September 28, 2010 10 Comments
[Editor note: Harry de Gorter is Professor in the Department of Applied Economics and Management at Cornell University; Jerry Taylor is a senior fellow at the Cato Institute specializing in energy and environmental policy.]
The nonpartisan Congressional Budget Office (CBO) recently issued a report on how the corn-ethanol tax credit costs $1.78 to reduce one gallon of gasoline consumption and $754 to reduce one ton of greenhouse gases. The Wall Street Journal immediately noted that “to put that [latter] number in perspective, the budget gnomes estimate that the price for a ton of carbon under the cap-and-tax program that the House passed last summer would be about $26 in 2019”.
While this study is being used by critics of the tax credit - which will cost about $30 billion over the next five years and is up for reauthorization this year - the CBO nonetheless severely underestimates the true costs of the ethanol tax credit in their calculations because:
(1) It ignores the existence of the ethanol consumption mandate (the Renewable Fuel Standard);
(2) It assumes each (energy equivalent) gallon of ethanol produced due to the tax credit replaces a gallon of gasoline;
(3) It ignores the fact that with an ethanol consumption mandate, the ethanol tax credit subsidizes gasoline consumption instead, and
(4) It erroneously suggests that the ethanol consumption mandate has not been binding in the past.
We analyze each error in turn. [Read more →]
August 6, 2010 5 Comments
For some peak oil advocates who are nervous about the idea of a post-apocalyptic vision of society, it has become popular to argue for a peak and plateau rather than a peak and decline of 3–5% per year, as some of the original work postulates. This seems more palatable than calling for a global upheaval, Hollywood notwithstanding.
The original peak and decline scenario was based on the bell curve popularized by M. King Hubbert. A number have disputed the shape of the curve, arguing for a Gaussian curve instead, for example. But they are avoiding the basic question of causality. The appearance of a bell curve appears to be more coincidence than anything else, since it is not often replicated in reality. The 1998 Scientific American article, “The End of Cheap Oil,” by Colin Campbell and Jean Laherrere, contained the laughable figure of several stylized oil fields’ production curves surmounted by a bell curve and the assertion that the one aggregated to the other.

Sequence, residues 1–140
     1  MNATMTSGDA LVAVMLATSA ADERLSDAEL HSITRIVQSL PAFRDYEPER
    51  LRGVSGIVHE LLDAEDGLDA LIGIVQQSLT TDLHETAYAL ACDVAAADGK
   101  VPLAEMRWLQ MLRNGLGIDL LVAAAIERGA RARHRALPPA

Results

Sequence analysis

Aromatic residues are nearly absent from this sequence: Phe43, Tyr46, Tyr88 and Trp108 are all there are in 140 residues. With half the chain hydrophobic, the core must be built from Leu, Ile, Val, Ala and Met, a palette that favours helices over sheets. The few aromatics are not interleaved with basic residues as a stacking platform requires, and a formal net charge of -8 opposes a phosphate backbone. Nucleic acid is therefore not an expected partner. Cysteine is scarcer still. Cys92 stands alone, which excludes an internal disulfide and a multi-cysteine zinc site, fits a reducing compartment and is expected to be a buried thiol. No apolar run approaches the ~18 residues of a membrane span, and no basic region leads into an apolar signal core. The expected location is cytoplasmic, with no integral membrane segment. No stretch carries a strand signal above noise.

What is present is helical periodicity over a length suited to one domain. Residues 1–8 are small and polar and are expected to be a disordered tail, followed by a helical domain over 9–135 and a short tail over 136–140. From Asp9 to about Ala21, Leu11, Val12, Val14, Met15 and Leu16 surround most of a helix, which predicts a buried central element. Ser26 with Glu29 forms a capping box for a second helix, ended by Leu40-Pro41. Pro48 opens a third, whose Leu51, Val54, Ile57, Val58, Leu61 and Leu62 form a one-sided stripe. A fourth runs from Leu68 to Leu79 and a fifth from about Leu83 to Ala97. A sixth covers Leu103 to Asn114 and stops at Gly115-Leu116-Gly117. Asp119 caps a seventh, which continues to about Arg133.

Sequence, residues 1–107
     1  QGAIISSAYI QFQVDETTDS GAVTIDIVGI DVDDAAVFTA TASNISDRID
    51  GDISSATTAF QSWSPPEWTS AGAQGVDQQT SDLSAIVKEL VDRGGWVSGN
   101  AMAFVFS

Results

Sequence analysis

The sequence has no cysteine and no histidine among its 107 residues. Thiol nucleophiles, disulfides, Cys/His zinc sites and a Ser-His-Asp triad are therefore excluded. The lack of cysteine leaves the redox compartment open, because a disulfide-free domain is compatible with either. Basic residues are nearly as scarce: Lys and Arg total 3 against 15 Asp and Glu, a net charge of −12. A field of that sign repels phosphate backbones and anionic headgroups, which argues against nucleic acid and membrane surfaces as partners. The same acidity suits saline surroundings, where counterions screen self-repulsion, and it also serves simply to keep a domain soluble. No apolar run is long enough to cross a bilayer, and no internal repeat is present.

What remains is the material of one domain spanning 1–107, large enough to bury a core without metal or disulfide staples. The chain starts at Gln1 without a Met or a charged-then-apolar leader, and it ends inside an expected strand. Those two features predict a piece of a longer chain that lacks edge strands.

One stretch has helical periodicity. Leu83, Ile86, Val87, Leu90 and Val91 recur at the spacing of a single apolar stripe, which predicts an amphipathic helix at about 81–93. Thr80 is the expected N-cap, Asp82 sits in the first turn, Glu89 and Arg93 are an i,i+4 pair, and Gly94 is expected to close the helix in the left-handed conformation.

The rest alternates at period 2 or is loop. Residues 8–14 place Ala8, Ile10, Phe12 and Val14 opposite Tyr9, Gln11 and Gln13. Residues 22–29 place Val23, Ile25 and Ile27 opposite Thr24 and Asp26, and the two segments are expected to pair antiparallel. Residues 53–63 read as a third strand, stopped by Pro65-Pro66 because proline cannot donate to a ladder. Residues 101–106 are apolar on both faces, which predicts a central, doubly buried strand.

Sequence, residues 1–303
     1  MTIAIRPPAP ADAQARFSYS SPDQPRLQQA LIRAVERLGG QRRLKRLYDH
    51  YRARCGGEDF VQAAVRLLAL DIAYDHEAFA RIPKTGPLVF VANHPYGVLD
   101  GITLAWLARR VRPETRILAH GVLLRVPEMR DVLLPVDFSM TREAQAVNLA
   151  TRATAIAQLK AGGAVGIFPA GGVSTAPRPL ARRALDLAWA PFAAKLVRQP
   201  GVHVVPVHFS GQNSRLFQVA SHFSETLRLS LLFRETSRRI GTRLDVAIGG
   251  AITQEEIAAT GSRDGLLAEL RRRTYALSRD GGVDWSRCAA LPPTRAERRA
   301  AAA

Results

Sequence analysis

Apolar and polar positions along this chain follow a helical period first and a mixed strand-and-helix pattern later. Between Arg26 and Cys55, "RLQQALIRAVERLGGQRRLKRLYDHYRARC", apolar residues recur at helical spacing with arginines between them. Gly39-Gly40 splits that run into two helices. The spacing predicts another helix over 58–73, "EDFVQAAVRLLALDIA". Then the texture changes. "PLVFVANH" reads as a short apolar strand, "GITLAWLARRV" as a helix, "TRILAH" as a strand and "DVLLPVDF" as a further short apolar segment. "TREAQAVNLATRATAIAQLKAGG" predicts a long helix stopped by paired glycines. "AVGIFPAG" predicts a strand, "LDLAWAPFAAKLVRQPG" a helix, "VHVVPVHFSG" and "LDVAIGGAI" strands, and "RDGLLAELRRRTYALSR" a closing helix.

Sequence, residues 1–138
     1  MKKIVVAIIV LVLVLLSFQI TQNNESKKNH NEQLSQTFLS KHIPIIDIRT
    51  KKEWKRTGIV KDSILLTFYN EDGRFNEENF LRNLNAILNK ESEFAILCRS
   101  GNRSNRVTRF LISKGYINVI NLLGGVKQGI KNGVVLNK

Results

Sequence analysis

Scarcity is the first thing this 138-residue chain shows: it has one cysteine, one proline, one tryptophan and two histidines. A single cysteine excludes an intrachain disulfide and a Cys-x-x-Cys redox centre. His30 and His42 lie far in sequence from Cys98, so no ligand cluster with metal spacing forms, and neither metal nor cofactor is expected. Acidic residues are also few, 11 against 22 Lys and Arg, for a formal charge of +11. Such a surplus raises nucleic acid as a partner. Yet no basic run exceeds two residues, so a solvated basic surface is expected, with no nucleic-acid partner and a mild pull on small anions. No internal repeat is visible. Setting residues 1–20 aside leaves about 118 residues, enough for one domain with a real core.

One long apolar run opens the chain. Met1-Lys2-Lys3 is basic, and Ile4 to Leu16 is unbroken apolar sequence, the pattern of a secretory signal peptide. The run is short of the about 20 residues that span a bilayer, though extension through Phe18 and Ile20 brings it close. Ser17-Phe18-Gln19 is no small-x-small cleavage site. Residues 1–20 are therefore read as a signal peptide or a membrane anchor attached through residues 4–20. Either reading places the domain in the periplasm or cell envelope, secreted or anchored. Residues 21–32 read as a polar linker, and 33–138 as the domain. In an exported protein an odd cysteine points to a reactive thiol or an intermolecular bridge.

More recently, some peak oil advocates have ‘modeled’ national production as following a rise, plateau, decline shape that, in the most general sense, is accurate, but again assumes that all nations follow a fairly similar path, which implicitly assumes that geology determines that path. In fact, in many cases the level of the peak and subsequent production patterns are due more to fiscal terms than geology, as can be seen by several countries where changing government policies led to a reversal of the decline, such as in Argentina or Venezuela.
December 3, 2009 2 Comments
Stunningly Trivial Emission Reductions from the Renewable Fuel Standard Program: More MAGICC–this time from EPA
On May 5, 2009, EPA Administrator Lisa Jackson signed a proposed rule to implement changes in the federal Renewable Fuel Standard (RFS) program required by the 2007 Energy Independence and Security Act (EISA).
Congress created the RFS–commonly known as the ethanol mandate–in the 2005 Energy Policy Act. The leading rationale then was energy security. It was supposed to reduce our dependence on foreign oil. EISA increased the size of the mandate from 7.5 billion gallons a year in 2012 to 36 billion gallons a year in 2022.
In addition, EISA established greenhouse gas (GHG) reduction standards that fuels must meet in order to qualify as “renewable.” Arguably, this was the first regulatory global warming policy that Congress ever enacted. Well, how much global warming will it avert? Answer: Too little for scientists to detect even if the new mandates are enforced throughout the 21st century. [Read more →]
May 8, 2009 6 Comments